The judge in the Concorde manslaughter trial has thrown out a request to have the case dismissed.
On the second day of proceedings, lawyers from US airline Continental claimed evidence gathered by investigators was biased in favour of Air France. That argument was rejected by the court.
The official inquiry after the disaster concluded that a 43-centimetre titanium strip fell from the Continental DC10 on to the runway at Paris’ Charles de Gaulle airport.
The metal piece is believed to have burst one of the supersonic jets tyres during take off, spraying debris into the underwing fuel tanks, sparking a fire.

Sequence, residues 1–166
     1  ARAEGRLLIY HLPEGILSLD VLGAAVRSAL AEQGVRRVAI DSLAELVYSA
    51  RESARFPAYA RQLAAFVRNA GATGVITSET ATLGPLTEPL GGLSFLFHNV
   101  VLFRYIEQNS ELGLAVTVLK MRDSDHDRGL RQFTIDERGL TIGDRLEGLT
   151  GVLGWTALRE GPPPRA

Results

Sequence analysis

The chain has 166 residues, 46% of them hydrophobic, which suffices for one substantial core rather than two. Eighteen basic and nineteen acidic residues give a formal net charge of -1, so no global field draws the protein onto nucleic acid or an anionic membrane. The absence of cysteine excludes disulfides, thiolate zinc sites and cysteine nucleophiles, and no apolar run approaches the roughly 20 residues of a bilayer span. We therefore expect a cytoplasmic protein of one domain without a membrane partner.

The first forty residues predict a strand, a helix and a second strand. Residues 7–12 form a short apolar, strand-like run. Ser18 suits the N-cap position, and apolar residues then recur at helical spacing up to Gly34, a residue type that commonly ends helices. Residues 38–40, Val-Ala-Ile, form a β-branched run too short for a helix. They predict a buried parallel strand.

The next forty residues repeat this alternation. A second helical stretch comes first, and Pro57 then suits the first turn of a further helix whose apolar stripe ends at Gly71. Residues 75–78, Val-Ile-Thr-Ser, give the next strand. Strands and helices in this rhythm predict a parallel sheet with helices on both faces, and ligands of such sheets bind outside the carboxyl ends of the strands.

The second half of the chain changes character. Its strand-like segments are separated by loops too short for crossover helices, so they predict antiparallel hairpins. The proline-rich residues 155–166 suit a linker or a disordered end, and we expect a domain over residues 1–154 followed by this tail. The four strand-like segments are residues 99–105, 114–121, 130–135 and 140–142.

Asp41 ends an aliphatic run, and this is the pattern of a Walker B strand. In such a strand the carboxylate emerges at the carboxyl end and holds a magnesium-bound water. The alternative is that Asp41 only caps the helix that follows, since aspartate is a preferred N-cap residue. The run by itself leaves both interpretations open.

Two minutes later the plane crashed into a nearby hotel, killing 113 people.
Both Continental and two of its engineers are charged with breaking safety rules over the fitting of the titanium part.
Three other engineers are also accused of knowing about existing weaknesses in Concorde’s tyre and fuel tank design but failing to do anything.
The trial, expected to run until the end of May, could have wide-ranging implications for the way the airline industry maintains its planes.